Posts Tagged ‘useful advice for writers’

Useful advice from writers and editors.

Saturday, September 27th, 2008

For those of you who have just arrived, this is an advice blog. I use it to help young and confused writers with everything from writing a cover letter and submitting to magazines to protecting their work from copyright theft and dealing with rejection. However, I’m not the only one out there who wants to help you guys with your writing, reading and publishing… so I’ve been scouring books, magazines, blogs and sites to find the best advice from poets, writers and industry insiders. Check it out!

On writing and publishing:

“More often than not in poetry I find difficulty to be gratuitous and show-offy and camouflaging, experimental to a kind of insane degree—a difficulty which really ignores the possibility of having a sensible reader.” – Billy Collins

“The impulse to write has to do with making something, with capturing, recording, preserving, honouring, saving…” – Sharon Olds

“I wish I was better at ignoring praise and criticism in equal measure. I’d be a better poet.” – Anonymous, from Magma magazine.

“The first draft of anything is shit” – Ernest Hemingway.

“Follow the submission guidelines. To the letter.” – from Happenstance Press‘ “Dos and Don’ts”.

“Keep resending! I had one poem accepted on the 15th attempt.” – Tim Love

“Today there are thousands of poetry blogs – ranging from the completely serious to the completely not. It provides for a more effective & diverse way for poets to discuss matters of direct interest to one another without going through the funneling influence of an academic review process… This is really an absolute necessity.” – Ron Silliman

“Sooner or later, if you don’t give up and you have some measurable amount of ability or talent or luck, you get published.” – Neil Gaiman

“Be ambitious for your poems. Aim to make them better and better and better. As good as you can get them in a lifetime.” – from Happenstance Press‘ “Dos and Don’ts”.

“Poems are not easy to start, and they’re not easy to finish… But I’d say the hardest part is not writing.” – Billy Collins

“f I had to give young writers advice, I would say don’t listen to writers talking about writing or themselves.” – Lillian Hellman

“There’s little point sending to [major book publishers] unless you have won some major competitions and/or have appeared in some major magazines. Even then, it may well be better to try a smaller publisher first.” – Tim Love

“Don’t give up hope. If you believe in your writing, keep on reading and developing your skills. Keep on building your profile. Spread your enthusiasm.” – Chris Hamilton-Emery of Salt Publishing.

“Once it’s done, to put it away until you can read it with new eyes… When you’re ready, pick it up and read it, as if you’ve never read it before. If there are things you aren’t satisfied with as a reader, go in and fix them as a writer: that’s revision.” – Neil Gaiman

On poetry readings:

“Turn up at writers events. Be seen. There are quite a few free or reasonable events. Be seen buying books!” – Sally Evans of Poetry Scotland.

“[Poetry readings provide] companionship. And pleasure: musical pleasure, in hearing it… And recognition: ‘Someone else has felt what I’ve felt.’ And surprise: ‘I never thought of that.'” – Sharon Olds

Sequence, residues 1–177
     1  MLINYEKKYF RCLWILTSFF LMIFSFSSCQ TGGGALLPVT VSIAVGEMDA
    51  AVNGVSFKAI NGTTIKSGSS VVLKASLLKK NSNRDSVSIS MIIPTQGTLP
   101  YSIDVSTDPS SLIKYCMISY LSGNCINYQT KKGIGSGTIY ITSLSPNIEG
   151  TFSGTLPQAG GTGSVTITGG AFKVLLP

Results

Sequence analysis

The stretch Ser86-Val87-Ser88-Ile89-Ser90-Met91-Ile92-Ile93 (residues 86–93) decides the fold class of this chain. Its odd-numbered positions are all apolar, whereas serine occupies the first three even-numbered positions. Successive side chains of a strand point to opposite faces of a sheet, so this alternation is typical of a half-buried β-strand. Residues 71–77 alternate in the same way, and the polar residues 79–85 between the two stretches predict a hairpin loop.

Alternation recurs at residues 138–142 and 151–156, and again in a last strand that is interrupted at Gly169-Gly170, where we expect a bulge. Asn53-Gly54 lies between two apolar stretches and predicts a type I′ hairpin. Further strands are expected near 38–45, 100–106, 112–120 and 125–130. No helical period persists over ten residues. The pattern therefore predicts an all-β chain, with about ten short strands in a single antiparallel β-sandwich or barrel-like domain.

“At a poetry reading you get one shot at it and it’s never enough.” – Jim Murdoch

“I hate when poets over-read [at poetry readings]. Anyone can time themselves reading (including intros and asides). It does them no good as the audience become first bored then annoyed. Better to leave them wanting a little more.” – Anonymous, from Magma magazine.

“It’s an unnatural act, getting up in front of a crowd of people. It’s what a lot of nightmares are made of, whether your pants have fallen down or not.” – Billy Collins

“In the States they have a term, Poetry Sluts. These are people who leave after they’ve read their own poems and aren’t polite enough to stay for the others [at the reading].” – Anonymous, from Magma magazine.

On dealing with your fellow poets:

“It’s hard to give out negative comments…without generating a lot of ad hominen tsouris [without sounding prejudicial and causing upset] in return. There are so many good books of poetry, that I see very little need…to focus on the negative.” – Ron Silliman

“Don’t give loudly critical opinions of other poets. It’s not possible to be objective, as we’re all competitors in some respect. And it sets you up for a helping of the same.” – Anonymous, from Magma magazine.

“The world of poetry can be a bear pit, and like any industry it is competitive and has moments of confrontation and even dirty tricks. Be prepared to take some knocks along the way.” – Chris Hamilton-Emery of Salt Publishing

“Never write ill of anyone. It will come home to roost.” – Sally Evans of Poetry Scotland

“The writer’s job is not to judge, but to seek to understand.” – Ernest Hemingway

“Courtesy gets your name remembered. You want your name to be remembered. You want to be a person, not just print on a page.” – from Happenstance Press‘ “Dos and Don’ts”.

“It’s so easy to sneer, so easy… [but] much better to just get on and DO something, WRITE something.” – Rachel Fox

Other stuff to read:
Find more advice from Ernest Hemingway at The Positivity Blog.
There are more words of wisdom from Ron Silliman here, and on his brilliant blog.
Billy Collins offers up more poetry know-how here and here.

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